Dr. Miltner: Yes! Oh, it is! It’s 100% “culture fit,” right? Right.

Kim: [Laughs] Doesn’t that sound like, “Well, we brought them in, but they just didn’t stay.”

Dr. Miltner: “Attrition is a complicated thing and, you know, we don’t know… [Kim laughs] People leave for a lot of different reasons.”

Kim: Yes, they do. “And they didn’t communicate that to me.” Not the fact that they don’t feel safe in communicating what the issues are for them, because you will use that against them, so they just keep it to themselves, so that gives you the assumption that, “Oh, they just couldn’t hack it.”

Dr. Miltner: Yeah. 100%. Which is… one of the things that I find fascinating about coding schools is that it really is kind of a microcosm. These patterns are repeating themselves in these schools. The problematic patterns that have been decried in the tech industry for so long, they’re repeating themselves in these schools. Now, to be fair, I’ve not gone to any of the schools—the school where I spent time was a coed thing. It wasn’t “women only,” it wasn’t “underrepresented minority only,” so those might be different. Also, this was a for-profit school. There are coding schools out there that you don’t have to pay to get in. It’s funny, after I tweeted all of those things about my research, I got an email from an anonymous person who basically was like, “Are you still doing research? Because I have a story for you, and mine was a nonprofit. They hoodwinked us into paying stuff. They said they called it ‘pay it forward.’ We thought we were…”

34:13

Kim: OK. So yeah, that’s been on my podcast. I knew exactly what you were talking about. Yup. Mhm. Yup.

Dr. Miltner: It’s really interesting…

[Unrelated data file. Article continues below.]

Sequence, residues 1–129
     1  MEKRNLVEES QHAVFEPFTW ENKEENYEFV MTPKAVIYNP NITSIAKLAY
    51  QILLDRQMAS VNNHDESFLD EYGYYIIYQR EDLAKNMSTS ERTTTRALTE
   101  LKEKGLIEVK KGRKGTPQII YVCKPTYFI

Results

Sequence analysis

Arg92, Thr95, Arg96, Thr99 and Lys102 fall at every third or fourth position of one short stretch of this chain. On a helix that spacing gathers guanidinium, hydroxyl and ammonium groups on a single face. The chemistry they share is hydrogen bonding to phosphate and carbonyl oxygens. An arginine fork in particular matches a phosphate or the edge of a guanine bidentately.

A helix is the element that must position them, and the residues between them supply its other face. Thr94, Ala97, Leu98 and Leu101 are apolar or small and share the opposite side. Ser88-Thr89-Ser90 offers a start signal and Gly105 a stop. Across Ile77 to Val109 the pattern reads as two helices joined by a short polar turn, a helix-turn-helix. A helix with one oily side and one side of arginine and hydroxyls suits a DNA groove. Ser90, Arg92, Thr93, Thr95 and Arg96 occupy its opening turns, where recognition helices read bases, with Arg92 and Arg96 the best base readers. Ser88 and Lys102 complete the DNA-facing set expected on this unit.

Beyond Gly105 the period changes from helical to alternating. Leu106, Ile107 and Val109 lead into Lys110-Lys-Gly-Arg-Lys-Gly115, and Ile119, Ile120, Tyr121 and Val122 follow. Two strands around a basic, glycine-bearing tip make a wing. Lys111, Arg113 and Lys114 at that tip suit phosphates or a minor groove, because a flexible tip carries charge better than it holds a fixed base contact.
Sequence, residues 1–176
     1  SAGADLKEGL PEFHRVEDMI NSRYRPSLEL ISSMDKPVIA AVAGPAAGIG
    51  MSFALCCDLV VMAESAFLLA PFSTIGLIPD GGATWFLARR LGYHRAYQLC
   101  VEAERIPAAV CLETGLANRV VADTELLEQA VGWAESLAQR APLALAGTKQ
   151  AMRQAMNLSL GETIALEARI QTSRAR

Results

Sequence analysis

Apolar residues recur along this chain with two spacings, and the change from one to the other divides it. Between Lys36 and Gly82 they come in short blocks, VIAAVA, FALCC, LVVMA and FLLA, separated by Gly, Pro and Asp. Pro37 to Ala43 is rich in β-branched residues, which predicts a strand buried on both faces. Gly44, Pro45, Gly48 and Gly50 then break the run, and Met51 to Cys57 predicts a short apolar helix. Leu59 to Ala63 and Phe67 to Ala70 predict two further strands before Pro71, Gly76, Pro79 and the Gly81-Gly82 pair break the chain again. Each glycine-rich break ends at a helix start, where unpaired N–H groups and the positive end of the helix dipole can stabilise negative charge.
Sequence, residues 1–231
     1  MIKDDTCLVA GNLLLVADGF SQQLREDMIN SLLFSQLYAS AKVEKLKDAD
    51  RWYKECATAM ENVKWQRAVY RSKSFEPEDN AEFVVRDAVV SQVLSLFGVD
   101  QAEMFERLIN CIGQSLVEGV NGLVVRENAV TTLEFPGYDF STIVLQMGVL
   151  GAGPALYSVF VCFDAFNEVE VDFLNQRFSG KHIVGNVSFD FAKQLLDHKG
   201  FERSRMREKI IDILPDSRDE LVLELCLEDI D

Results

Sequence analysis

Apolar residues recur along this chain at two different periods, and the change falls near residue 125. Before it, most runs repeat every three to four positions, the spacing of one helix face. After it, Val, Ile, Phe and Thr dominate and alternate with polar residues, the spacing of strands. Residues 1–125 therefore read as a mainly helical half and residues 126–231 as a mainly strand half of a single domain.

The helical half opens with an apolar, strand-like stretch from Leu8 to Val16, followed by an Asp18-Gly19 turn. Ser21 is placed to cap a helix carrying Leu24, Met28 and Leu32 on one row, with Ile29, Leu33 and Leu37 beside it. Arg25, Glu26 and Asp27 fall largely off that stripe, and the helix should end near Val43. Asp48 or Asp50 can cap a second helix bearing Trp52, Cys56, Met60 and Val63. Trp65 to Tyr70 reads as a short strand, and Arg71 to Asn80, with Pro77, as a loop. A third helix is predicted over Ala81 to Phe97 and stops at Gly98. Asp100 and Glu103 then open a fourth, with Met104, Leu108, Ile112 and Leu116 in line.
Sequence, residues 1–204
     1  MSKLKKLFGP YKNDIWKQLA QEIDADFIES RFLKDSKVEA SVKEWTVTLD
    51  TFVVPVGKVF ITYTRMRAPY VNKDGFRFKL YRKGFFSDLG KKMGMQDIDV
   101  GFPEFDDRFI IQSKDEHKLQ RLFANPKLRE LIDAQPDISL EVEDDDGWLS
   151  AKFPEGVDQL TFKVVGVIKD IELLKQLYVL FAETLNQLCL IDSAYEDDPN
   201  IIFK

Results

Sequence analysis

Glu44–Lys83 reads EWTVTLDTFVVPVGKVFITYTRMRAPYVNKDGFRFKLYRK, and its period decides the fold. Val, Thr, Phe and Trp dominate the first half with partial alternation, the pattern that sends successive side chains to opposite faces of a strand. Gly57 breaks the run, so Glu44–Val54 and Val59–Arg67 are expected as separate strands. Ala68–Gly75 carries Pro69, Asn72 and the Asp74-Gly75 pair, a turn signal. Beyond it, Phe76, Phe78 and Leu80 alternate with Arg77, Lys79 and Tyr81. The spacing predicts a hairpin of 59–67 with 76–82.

Kim: And they have investors. And I was like, “I don’t understand how a nonprofit can have an investor.” No one has been able to explain that to me yet. [Laughs]

Dr. Miltner: Yeah. Well, yeah, it’s really challenging. It’s a complicated thing, because the school that let me spend time—which I’m never gonna say who they are—they opened their doors to me. They knew that I was interested in figuring out what was going on with the school, and I had a pretty critical take, and I gave them feedback at the end, and they were like, “Yeah, we kind of know all of these issues that you’ve been…” Before I had done any of the real analysis, before I left, I was like, “OK, so here are the things I’m hearing from the students that you might want to address,” and they’re like, “Yeah, we’re aware we hear this all the time.” [Kim laughs]

But I think it’s all about this whole idea of “meritocracy” and “colorblind meritocracy,” right? You don’t want to give anybody a leg up. The best people, the cream will rise to the top. All of this garbage that’s been disproven for ages, but for whatever reason, the tech industry is still very deeply infected by.

Kim: It’s so funny that you mention that, because in the next episode of the “How to be an Antiracist” that I’m doin’—chapter eight—there’s a term that Dr. Kendi defines; it’s “attribution effect.” And this is so entrenched in this community, because it’s entrenched in the broader community. White people have been taught that anything they get is from their individual effort, and everybody else, what we do, it’s about somebody handed us something.

Dr. Miltner: Right, exactly.

36:07

Kim: And that’s really interesting, and it’s gonna continue to happen. So, when you’re talkin’ about the EDPs—and I wanna let you know, I already added that book “The Charisma Machine: The Life, Death and Legacy of a One Laptop Per Child Infrastructure”; I added that to the—I have a #CauseAScene wishlist, ’cause I’m not gonna pay to educate these people. They need to buy these books and send them to me.

Dr. Miltner: Right.

Kim: So, that’s been added to the list. But, when you mentioned the EDP, if they woulda had a income sharing agreement back then, they woulda used it. And this is the new iteration of this thing. It is “in lieu of getting a student loan you can do this thing.” And I have a shitload of student loans!

Dr. Miltner: Me too.

Kim: Oh my god. My student loans are ridiculous. But you know what? As bad as that system is, I would not want a income sharing agreement.

Dr. Miltner: Well, no, because their private loans, right?

Kim: And it’s private loans from the people who run the schools! I’m like, “How is that not conflict of interest? What is goin’ on here?”

37:22

Dr. Miltner: Well, actually, so the school where I spent time, they outsourced it to another school, and they were having students sign up for this through a separate company. And I don’t even think the people who were at the school fully understood what the terms of the loan were.

Kim: Oh, no no no no. Please don’t use the word “loan” because to them these things aren’t loans. [Laughs]